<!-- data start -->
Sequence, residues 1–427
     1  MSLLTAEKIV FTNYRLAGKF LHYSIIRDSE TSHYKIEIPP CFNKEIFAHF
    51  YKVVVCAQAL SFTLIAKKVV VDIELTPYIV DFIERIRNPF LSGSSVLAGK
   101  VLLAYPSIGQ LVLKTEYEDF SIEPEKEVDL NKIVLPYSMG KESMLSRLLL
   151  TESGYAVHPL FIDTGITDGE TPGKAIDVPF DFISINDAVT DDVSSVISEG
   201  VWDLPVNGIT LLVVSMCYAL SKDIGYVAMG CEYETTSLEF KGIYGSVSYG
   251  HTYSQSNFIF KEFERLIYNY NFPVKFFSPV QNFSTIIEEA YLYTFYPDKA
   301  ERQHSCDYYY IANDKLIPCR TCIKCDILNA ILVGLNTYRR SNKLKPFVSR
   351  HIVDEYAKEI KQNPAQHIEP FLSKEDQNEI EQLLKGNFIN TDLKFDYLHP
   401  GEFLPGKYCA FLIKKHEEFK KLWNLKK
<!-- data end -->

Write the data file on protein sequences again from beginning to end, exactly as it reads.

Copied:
Sequence, residues 1–427
     1  MSLLTAEKIV FTNYRLAGKF LHYSIIRDSE TSHYKIEIPP CFNKEIFAHF
    51  YKVVVCAQAL SFTLIAKKVV VDIELTPYIV DFIERIRNPF LSGSSVLAGK
   101  VLLAYPSIGQ LVLKTEYEDF SIEPEKEVDL NKIVLPYSMG KESMLSRLLL
   151  TESGYAVHPL FIDTGITDGE TPGKAIDVPF DFISINDAVT DDVSSVISEG
   201  VWDLPVNGIT LLVVSMCYAL SKDIGYVAMG CEYETTSLEF KGIYGSVSYG
   251  HTYSQSNFIF KEFERLIYNY NFPVKFFSPV QNFSTIIEEA YLYTFYPDKA
   301  ERQHSCDYYY IANDKLIPCR TCIKCDILNA ILVGLNTYRR SNKLKPFVSR
   351  HIVDEYAKEI KQNPAQHIEP FLSKEDQNEI EQLLKGNFIN TDLKFDYLHP
   401  GEFLPGKYCA FLIKKHEEFK KLWNLKK